who grew up in the Northeast or far North know the Balsam Fir well. It
has the most extensive range of any fir in North America
stretching from Maine to the Rockies
and at higher elevations all the way to West Virginia.
Fraser Firs are often referred to as the Southern cousin of the Balsam and
this is a fair analogy. During the last ice age the Balsam fir forests
covered much of North America - as the ice retreated
the Balsam followed it north while remnant populations were left behind at
higher elevations in both the Rockies and the Appalachians.
The Southern Appalachians' population evolved into the
Fraser Fir while the in the Rockies the cut off
population became what we know today as the Corkbark
Fir (a tree we've started growing on the farm). Most growers felt that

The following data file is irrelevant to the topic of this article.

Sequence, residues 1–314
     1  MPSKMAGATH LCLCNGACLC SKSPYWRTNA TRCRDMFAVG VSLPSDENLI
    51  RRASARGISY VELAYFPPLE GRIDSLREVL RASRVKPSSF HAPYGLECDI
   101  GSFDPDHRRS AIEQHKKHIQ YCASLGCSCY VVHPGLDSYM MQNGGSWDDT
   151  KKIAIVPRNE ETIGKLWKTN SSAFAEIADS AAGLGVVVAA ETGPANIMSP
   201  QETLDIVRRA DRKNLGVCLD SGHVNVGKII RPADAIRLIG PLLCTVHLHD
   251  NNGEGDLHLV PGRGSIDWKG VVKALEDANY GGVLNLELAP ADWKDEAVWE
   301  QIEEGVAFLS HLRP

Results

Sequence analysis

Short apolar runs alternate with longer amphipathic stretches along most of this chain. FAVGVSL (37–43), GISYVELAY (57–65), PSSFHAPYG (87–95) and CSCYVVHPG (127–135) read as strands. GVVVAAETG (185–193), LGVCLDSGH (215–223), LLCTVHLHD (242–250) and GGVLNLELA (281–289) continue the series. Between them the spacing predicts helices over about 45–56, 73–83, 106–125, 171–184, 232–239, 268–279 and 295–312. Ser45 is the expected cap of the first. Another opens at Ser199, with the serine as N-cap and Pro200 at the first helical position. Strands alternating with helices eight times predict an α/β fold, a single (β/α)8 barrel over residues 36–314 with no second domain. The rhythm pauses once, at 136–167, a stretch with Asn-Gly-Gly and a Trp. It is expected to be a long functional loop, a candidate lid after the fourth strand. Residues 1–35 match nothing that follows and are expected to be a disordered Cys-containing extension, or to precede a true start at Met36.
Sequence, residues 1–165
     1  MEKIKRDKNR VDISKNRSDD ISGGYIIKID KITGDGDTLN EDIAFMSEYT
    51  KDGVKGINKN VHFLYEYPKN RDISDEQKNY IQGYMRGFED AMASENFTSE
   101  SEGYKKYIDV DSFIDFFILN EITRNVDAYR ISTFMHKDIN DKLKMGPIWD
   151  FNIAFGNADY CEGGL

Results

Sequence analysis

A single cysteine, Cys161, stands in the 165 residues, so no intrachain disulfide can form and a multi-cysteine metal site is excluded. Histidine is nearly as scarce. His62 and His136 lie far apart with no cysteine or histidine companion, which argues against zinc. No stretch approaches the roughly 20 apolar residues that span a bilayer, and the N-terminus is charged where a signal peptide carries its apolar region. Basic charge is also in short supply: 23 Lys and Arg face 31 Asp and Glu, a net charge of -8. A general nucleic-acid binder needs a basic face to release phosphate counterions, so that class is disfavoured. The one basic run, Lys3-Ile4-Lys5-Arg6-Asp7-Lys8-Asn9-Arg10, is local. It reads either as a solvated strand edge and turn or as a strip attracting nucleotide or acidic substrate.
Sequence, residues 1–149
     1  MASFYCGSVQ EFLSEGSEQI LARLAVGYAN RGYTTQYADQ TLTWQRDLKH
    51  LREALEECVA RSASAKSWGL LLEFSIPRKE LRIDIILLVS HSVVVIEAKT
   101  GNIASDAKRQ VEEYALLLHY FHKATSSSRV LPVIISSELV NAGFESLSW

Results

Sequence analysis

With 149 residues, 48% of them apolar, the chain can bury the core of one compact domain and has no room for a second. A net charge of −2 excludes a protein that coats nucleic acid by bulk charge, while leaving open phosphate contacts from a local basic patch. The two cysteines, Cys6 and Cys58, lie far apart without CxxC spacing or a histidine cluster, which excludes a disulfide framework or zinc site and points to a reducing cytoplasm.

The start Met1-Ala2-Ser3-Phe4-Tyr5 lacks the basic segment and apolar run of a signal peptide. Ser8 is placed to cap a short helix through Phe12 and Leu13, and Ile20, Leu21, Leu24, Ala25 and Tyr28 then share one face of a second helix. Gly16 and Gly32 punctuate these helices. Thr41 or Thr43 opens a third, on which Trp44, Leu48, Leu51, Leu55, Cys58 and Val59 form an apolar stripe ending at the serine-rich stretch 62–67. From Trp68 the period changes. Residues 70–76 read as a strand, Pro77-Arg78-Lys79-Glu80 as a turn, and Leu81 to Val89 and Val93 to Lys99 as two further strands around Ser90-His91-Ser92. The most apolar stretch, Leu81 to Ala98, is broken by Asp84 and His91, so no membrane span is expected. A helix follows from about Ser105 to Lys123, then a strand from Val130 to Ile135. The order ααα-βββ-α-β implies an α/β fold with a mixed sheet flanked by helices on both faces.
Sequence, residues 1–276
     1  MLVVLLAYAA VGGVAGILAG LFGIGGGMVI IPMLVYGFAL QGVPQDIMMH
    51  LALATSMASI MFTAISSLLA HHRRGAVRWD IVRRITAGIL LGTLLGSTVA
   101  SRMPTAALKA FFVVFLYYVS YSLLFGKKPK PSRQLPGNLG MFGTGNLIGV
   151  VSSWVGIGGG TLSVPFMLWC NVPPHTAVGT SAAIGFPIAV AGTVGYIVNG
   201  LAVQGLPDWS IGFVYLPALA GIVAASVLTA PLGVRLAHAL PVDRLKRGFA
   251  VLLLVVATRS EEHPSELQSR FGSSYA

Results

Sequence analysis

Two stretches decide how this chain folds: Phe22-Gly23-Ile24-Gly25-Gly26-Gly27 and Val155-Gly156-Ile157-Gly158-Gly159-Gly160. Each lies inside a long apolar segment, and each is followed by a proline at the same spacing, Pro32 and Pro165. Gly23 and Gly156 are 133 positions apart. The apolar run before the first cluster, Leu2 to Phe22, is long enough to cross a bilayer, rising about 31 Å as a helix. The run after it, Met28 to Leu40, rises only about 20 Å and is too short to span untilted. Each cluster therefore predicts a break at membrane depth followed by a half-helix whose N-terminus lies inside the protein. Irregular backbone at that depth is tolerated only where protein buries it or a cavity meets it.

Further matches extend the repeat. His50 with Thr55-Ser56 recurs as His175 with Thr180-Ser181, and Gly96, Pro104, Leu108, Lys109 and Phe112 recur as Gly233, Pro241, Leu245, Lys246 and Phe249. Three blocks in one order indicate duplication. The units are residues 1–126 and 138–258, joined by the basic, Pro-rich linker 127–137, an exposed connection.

Virginia was too far south for the Balsam but enterprising West Virginians
developed a cultivar frequently called the Canaan Fir (which is sometime
described as being a natural hybrid of the Balsam and Fraser firs) and now it
is being grown widely in the mountains of Virginia and North Carolina.
The Balsam Fir, like its cousin the Fraser Fir, has a wonderul fragrance and fantastic needle retention.
Our trees tend to have a faint bluish tint to their needles (as seen in the
photo on the left). They do not have as strong a silver stripe on the
underside of its needle which is the most notable difference between it and
the Fraser Fir.
It has excellent twig stiffness and makes a very handsome
Christmas tree. We happy to be able to offer well known tree to our
To ensure your fresh-cut tree looks its best throughout the
season follow the Tree Care
directions we provide with each tree.